Vietnam Veterans’ Day
Vietnam Veterans’ Day honours the service and sacrifice of those who served in Australia’s longest conflict of the 20th century.
For Australia, the Vietnam War began in 1962 when 30 members of the Australian Army Training Team Vietnam (AATTV) arrived in South Vietnam to provide military training to local units.
Over the next 10 years, Australian forces would fight in fierce battles with the enemy, most notably the Battle of Long Tan in 1966, the Battles of Fire Support Bases Coral and Balmoral in 1967 and the Battle of Binh Ba in 1969.
While Australia’s participation in the war was formally declared over in January 1973, elements of the RAAF remained until 1975 assisting with evacuation operations.
By the end of the war some 60,000 personnel from the Royal Australian Navy, Australian Army and the Royal Australian Air Force (RAAF) had served.
Tragically, 521 Australians died, and some 3,000 were wounded. We remember them on August 18. Many of those who returned from the war did so with physical and emotional scars, which remained long after the war and the effects of which often extended to their loved ones.
It was our Vietnam veterans who recognised the need for additional support, establishing a dedicated counselling service that provides specialised mental health and support services to all veterans and their families. This was known as the Vietnam Veterans Counselling Service, but today known as the Veterans and Veterans Families Counselling Service.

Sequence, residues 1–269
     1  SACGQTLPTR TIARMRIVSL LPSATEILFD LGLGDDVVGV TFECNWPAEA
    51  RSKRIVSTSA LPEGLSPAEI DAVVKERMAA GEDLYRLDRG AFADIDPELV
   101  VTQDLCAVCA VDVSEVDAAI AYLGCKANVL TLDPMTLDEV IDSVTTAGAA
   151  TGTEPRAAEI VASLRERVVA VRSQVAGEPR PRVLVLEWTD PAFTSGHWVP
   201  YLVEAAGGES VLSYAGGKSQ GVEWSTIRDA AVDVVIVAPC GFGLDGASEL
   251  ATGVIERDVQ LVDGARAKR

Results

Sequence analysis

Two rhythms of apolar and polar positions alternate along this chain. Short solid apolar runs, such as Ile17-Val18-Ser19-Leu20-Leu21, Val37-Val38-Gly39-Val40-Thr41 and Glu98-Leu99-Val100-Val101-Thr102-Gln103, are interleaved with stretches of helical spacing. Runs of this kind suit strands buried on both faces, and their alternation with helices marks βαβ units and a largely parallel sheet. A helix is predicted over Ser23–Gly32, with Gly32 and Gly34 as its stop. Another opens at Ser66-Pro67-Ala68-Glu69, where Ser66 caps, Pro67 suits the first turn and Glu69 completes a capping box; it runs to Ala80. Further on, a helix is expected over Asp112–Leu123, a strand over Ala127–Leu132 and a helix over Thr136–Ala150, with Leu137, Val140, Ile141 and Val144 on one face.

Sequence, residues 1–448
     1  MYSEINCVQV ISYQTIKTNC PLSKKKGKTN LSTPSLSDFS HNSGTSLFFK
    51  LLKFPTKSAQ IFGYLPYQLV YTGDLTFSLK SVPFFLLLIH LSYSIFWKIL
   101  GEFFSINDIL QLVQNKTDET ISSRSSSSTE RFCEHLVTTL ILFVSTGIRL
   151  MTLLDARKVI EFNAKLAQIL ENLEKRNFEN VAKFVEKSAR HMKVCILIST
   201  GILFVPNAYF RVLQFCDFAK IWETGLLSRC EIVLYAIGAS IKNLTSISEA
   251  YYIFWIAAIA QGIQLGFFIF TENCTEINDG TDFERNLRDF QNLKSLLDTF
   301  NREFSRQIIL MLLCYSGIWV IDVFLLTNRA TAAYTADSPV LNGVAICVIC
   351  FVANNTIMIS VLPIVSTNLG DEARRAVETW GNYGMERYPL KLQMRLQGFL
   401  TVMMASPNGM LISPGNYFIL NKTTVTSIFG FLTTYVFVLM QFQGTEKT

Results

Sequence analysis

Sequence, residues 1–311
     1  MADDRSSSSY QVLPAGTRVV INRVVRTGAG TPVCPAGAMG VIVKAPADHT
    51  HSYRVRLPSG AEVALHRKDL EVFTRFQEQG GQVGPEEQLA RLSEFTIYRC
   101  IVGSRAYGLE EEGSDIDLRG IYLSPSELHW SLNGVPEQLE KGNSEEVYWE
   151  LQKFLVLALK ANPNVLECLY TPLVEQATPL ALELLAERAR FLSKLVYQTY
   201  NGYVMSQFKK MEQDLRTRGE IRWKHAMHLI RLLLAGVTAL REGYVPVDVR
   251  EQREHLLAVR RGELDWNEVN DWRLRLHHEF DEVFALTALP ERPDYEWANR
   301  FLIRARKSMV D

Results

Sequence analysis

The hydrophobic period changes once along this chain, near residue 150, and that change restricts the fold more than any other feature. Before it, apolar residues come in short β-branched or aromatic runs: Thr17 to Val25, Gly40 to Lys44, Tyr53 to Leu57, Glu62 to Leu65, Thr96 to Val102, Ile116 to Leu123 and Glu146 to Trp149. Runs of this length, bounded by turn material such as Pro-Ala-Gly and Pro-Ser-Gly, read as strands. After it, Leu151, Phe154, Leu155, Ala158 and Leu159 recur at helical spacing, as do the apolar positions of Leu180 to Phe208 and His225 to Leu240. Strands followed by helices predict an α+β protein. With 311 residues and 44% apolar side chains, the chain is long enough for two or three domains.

As a nation we owe you our thanks for this vital service that continues to support veterans and their families, and which will be an enduring legacy of our Vietnam veterans. Thank you for your service. Lest we forget.
Darren Chester, Minister for Veterans’ Affairs
Who is suffering on dairy farms?
Dairy farmers are taking to social media, telling people that the supermarkets are making them work for a pittance. But who are the real victims here?
I grew up on a dairy farm and discovered while very young that cows, like humans, gestate for nine months, but their calves are ripped from the distraught mothers a few hours after they are born.
I remember lying in bed at night on the farm, hearing the mother cows bellowing sorrowfully, often for days.
Anyone who has witnessed a cow returning again and again to the place her missing baby was born, and often refusing to eat, will never again doubt that these animals suffer and feel grief as we do.
The male or "bobby" calves are usually sent for slaughter at five days old, terrified, cold and hungry, and can legally be transported for up to 30 hours, without food, to a terrifying slaughter.
The heifers enter the same cycle of constant pregnancy and milking. When their bodies wear out and their milk production wanes, they are slaughtered as "spent" at the age of 5-7 years old, less than a quarter of their potential age. And on top of the dairy industry being a living hell for animals, consuming cow’s milk is terrible for our health.
Cow’s milk is suited to the nutritional needs of calves, who have four stomachs and gain hundreds of kilos in a matter of months. For humans, milk is high in fat, a common trigger for allergies, and linked to many illnesses.
Asking people to buy more milk, and pay more for it, to keep dairy farmers in business is like saying we should all smoke cigarettes, to support struggling tobacco farmers.
Humans don’t need to drink cows’ milk, and we’re healthier if we don’t.
Let the invisible hand of the market do its work, and then the farmers can move (like tobacco farmers did) into more ethical products that cause less suffering, less human disease, and less pollution.